A tender memoir of love and redemption.
Born during the civil rights movement to Black Panther Party parents, Williams (Brothers in Hope: The Story of the Lost Boys of Sudan, 2005) grew up in a tough neighborhood of Oakland, Calif., where "the world was caught up in a swirling storm of violence, revolutionary zeal, sexual freedom, and creative expression." Her father was in and out of prison, her mother struggled with alcoholism, and her older sister became a prostitute, so when Williams was raped, she felt it was almost destiny, that she "had been subtly groomed to be a victim all [her] life. . .I believe I experienced a feeling almost of relief, that this unavoidable event had finally caught up with me." Then actress and activist Jane Fonda stepped in and gave the bright 16-year-old girl a new life. And for 30 years, Williams avoided looking backward to her birth mother and rough beginnings. She worked in Morocco, Tanzania, Antarctica and Alaska. She hiked the Appalachian Trail and mingled on movie sets with Fonda's co-workers. And yet, she never felt quite at peace, as she was still full of repressed anger over the neglect and abuse she received as a child. She struggled "to keep the beast caged" and writes of her feelings in her 40s, "I was an emotional chimera of a two-year-old and a sulking teenager, extremely sensitive to even the most benign criticism or perceived insult." Her anger went outward toward everyone, including Fonda, who had provided so much for Williams. However, Williams' anger could only last so long before she realized she needed to change. In heartwarming prose, the author explains how she eventually reunited with her siblings, their children and finally her birth mother.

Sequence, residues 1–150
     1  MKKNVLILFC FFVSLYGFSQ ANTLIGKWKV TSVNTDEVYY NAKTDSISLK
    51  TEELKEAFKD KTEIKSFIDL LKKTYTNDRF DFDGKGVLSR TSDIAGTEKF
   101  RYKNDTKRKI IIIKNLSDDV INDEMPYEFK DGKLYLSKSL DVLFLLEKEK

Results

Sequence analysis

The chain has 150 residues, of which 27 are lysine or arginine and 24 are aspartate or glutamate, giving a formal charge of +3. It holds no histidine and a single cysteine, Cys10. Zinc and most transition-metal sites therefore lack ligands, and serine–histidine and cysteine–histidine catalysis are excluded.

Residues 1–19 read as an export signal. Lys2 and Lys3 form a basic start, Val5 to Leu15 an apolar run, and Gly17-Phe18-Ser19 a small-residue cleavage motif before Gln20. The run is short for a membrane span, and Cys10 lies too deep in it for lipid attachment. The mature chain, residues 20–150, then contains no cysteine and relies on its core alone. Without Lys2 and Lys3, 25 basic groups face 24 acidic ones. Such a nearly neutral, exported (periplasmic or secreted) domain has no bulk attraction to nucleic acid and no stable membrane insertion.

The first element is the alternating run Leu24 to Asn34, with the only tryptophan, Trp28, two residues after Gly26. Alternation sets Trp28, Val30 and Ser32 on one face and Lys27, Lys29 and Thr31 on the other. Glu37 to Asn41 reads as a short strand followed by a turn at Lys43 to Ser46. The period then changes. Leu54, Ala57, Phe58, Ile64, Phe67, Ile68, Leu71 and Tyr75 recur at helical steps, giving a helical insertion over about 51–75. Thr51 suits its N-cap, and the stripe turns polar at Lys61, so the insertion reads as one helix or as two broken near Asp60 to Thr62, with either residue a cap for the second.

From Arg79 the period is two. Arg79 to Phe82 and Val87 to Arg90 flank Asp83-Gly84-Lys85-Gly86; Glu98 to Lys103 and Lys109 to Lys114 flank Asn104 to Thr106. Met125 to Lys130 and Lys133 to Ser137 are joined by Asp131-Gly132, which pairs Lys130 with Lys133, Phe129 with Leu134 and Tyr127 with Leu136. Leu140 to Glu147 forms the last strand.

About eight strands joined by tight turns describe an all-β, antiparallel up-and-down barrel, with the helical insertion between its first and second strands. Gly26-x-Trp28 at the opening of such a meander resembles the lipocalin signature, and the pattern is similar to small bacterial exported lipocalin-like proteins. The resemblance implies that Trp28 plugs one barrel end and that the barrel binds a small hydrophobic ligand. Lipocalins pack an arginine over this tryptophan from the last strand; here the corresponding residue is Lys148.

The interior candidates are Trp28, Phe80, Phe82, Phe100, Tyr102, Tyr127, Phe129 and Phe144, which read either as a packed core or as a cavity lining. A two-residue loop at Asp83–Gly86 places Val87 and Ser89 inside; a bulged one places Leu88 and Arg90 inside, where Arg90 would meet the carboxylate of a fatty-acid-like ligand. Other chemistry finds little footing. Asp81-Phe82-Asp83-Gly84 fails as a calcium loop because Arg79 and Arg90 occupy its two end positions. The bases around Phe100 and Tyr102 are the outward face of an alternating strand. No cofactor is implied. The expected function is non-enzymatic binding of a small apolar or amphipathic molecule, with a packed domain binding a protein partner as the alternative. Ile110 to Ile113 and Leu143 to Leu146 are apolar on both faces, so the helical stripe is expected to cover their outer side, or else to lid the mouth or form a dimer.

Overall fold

A compassionate tale of soul-searching and family love.